• The model driven by CHIRPSv2.0 data correctly detected the major drought events.
  • The model driven by CHIRPSv2.0 data also correctly simulated the drought duration, but care has to be taken in using the simulated drought severity.
  • The simulated drought severity suffered from errors of 50% overestimating the volume deficits.
  • According to the results obtained future hydrological droughts will increase in duration and severity.

Our novel drought research in the tropics provides some alternatives in the implementation of hydrological models based on GPPs as a tool for drought management in areas where the amount and timing of precipitation is closely related to hazards and economic sustainability.



The authors would like to gratefully acknowledge the support by the DAAD-funded TropiSeca project, UCREA-B8276 project C0603 and the Water and Global Change Observatory (OACG, ED-3319) at the University of Costa Rica.




Adler, R., Kidd, C., Petty, G., Morissey, M & Goodman, H. (2001). Intercomparison of Global Precipitation Products: The Third Precipitation Intercomparison Project (PIP-3). Bull. Amer. Meteor. Soc., 82, 1377–1396.<1377:IOGPPT>2.3.CO;2

AghaKouchak, A., Farahmand, A., Melton, F., Teixeira, J., Anderson, M., Wardlow, B., & Hain, C. (2015). Remote sensing of drought: progress, challenges and opportunities. Rev. Geophys. 53 (2), 452–480.

Artan, G., Gadain, H., Smith, J., Asante, K., Bandaragoda, C & Verdin J. (2007). Adequacy of satellite derived rainfall data for stream flow modeling. Nat Hazards 43, 167–185.

Avilés, A., Palacios, K., Pacheco, J., Jiménez, S., Zhiña, D., & Delgado, O. (2020). Sensitivity exploration of water balance in scenarios of future changes: a case study in an Andean regulated river basin, Theor Appl Climatol, doi:10.1007/s00704-020-03219-y.

Barrantes, G. (2010). Evaluation of the Environmental Water Service in the Tempisque River Basin (Costa Rica) and its application to tariff adjustment. St. Thomas University. LEBRET Magazine - no. 2. Division of Economic and Administrative Sciences. Bucaramanga, Colombia.

Beck, H., Wood, E., Pan, M., & Fisher, C. (2019). MSWEP V2 Global 3-Hourly 0.1 Precipitation: Methodology and Quantitative Assessment. Department of Civil and Environmental Engineering, Princeton University, Princeton, New Jersey.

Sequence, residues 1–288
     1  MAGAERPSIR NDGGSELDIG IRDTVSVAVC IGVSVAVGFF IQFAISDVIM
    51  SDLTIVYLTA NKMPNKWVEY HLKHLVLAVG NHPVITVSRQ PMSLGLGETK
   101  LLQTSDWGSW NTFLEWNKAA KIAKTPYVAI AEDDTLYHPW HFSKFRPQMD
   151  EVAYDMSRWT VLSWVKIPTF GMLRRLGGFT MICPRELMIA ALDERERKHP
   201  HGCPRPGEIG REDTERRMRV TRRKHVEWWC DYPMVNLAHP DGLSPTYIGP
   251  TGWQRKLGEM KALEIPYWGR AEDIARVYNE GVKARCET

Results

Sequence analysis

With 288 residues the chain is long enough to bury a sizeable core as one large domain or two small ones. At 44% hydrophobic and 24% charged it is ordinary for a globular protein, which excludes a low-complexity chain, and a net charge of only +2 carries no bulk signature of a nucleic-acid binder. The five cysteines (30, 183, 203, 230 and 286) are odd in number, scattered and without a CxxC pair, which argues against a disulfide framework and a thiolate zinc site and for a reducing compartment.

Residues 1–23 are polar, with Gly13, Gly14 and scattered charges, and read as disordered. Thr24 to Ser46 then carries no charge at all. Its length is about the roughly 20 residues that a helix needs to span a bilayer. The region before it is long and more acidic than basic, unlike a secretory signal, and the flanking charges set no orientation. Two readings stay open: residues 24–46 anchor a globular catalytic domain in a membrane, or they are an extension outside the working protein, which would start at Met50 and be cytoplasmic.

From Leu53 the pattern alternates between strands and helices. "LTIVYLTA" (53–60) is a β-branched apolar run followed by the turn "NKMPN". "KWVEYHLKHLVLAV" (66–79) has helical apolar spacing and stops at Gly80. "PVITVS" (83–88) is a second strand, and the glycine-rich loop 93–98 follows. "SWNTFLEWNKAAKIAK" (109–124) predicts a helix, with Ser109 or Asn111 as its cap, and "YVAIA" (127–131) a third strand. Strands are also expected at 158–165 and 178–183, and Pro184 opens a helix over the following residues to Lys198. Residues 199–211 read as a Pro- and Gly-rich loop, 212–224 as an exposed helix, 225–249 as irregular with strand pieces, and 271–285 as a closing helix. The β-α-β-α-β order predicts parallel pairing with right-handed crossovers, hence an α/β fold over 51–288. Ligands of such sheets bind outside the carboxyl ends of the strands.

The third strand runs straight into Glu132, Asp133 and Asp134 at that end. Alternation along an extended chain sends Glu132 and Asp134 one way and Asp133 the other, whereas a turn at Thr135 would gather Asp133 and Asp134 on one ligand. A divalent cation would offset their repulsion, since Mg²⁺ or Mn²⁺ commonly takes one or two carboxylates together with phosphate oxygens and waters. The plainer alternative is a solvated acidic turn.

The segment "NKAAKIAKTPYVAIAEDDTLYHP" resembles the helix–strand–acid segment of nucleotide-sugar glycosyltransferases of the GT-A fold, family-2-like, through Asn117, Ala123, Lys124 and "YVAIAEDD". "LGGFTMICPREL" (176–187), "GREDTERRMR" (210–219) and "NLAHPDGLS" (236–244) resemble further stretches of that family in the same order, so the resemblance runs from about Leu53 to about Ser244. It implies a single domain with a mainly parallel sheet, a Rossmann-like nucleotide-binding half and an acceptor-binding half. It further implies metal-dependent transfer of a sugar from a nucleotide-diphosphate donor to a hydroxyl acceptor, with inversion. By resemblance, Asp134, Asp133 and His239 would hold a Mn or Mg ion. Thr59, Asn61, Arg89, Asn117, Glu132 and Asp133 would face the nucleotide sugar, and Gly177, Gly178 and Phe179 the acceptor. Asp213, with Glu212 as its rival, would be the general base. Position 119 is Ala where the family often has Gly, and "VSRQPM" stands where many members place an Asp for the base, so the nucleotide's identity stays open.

Behrangi, A., Khakbaz, B., Jaw, T. C., AghaKouchak, A., Hsu, K., & Sorooshian, S. (2011). Hydrologic evaluation of satellite precipitation products over a mid-size basin, Journal of Hydrology, 397(3), 225–237, doi:10.1016/j.jhydrol.2010.11.043.

Beven, K & Westerberg, I. (2011). On red herrings and real herrings: disinformation and information in hydrological inference. Hydrological Processes, 25, 1676–1680. doi:10.1002/hyp.v25.10. 

Birkel, C. (2005). Temporal and Spatial Variability of Drought Indices in Costa Rica. (Master's Thesis). Institut für Hydrologie, Universität Freiburg. 75.

Birkel, C. (2006). Hydrological Drought in Costa Rica Have they become more severe and frequent in recent years? Rev. Reflections 85 (1-2): 107-116, ISSN: 1021-1209 / 2006.

Birkel, C., Brenes, A., & Sánchez, R. (2017). The Tempisque-Bebedero catchment system: energy-water-food consensus in the seasonally dry tropics of northwestern Costa Rica. Nexus Research Focus, TH-Köln, University of Applied Sciences.

Birkel, C., Soulsby, C., & Tetzlaff, D. (2012). Modelling the impacts of land-cover change on streamflow dynamics of a tropical rainforest headwater catchment. Hydrological Sciences Journal, 57 (8), 1–19.

Bitew, M & Gebremichael, M. (2011). Assessment of satellite rainfall products for streamflow simulation in medium watersheds of the Ethiopian highlands, [online] Available from: (Accessed 26 May 2020).

Cabos, W., Sein, D., Durán-Quesada, A., Liguori, G., Koldunov, N., Martínez‑López, B., Álvarez, F., Sieck, K., Limareva, N., & Pinto, J. (2018). Dynamical downscaling of historical climate over CORDEX Central America domain with a regionally coupled atmosphere–ocean model. Climate Dynamics (2019) 52:4305–4328.

Calvo-Solano, O., Quesada-Hernández, L., Hidalgo, H., & Gotlieb, Y. (2018). Impacts of drought in the primary sector of the Central American Dry Corridor. Agron. Mesoam. 29(3):695-709. ISSN 2215-3608, doi:10.15517/ma.v29i3.30828.

Dai, A. (2011) Drought under global warming: a review. Wiley Interdisciplinary Reviews: Climate Change, 2(1):45–65, doi:10.1002/wcc.81.

Durán-Quesada, A., Gimeno, L., Amador, J., & Nieto, R. (2010). Moisture sources for Central America: Identification of moisture sources using a Lagrangian analysis technique. J. Geophys. Res., 115, D05103.

Funk, C., Peterson, P., Landsfeld, M., Pedreros, D., Verdin, J., Shukla, S., Husak, G., Rowland, J., Harrison, L., Hoell, A., & Michaelsen, J. (2015). The climate hazards infrared precipitation with stations-a new environmental record for monitoring extremes, Sci. Data, 2, 150066, doi:10.1038/sdata.2015.66.76.

Gendzh, N. (2015). Modelling Climate Sensitive River Catchments: The application of the HBV-Light modeltosevenIrish Catchments. Faculty of Science. Department of Geography. Maynooth University.

Gotlieb, Y., Pérez-Briceño, P., Hidalgo, H., & Alfaro, E. (2019). The Central American Dry Corridor: a concensus statement and its backgroud. Journal Yu’am 3(5): 42-51.